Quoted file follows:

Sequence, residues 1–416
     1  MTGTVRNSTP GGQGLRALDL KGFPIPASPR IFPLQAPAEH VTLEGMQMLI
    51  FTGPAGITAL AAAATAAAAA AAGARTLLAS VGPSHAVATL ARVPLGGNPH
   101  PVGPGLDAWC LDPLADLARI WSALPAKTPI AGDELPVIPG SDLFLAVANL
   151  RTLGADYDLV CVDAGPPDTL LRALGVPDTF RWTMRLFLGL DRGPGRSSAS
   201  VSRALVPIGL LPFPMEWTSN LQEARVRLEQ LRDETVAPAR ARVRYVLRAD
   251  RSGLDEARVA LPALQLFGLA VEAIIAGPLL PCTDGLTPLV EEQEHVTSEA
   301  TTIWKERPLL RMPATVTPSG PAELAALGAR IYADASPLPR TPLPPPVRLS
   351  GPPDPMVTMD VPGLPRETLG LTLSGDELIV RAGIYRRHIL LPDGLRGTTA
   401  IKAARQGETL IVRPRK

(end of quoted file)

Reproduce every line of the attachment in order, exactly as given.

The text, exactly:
Sequence, residues 1–416
     1  MTGTVRNSTP GGQGLRALDL KGFPIPASPR IFPLQAPAEH VTLEGMQMLI
    51  FTGPAGITAL AAAATAAAAA AAGARTLLAS VGPSHAVATL ARVPLGGNPH
   101  PVGPGLDAWC LDPLADLARI WSALPAKTPI AGDELPVIPG SDLFLAVANL
   151  RTLGADYDLV CVDAGPPDTL LRALGVPDTF RWTMRLFLGL DRGPGRSSAS
   201  VSRALVPIGL LPFPMEWTSN LQEARVRLEQ LRDETVAPAR ARVRYVLRAD
   251  RSGLDEARVA LPALQLFGLA VEAIIAGPLL PCTDGLTPLV EEQEHVTSEA
   301  TTIWKERPLL RMPATVTPSG PAELAALGAR IYADASPLPR TPLPPPVRLS
   351  GPPDPMVTMD VPGLPRETLG LTLSGDELIV RAGIYRRHIL LPDGLRGTTA
   401  IKAARQGETL IVRPRK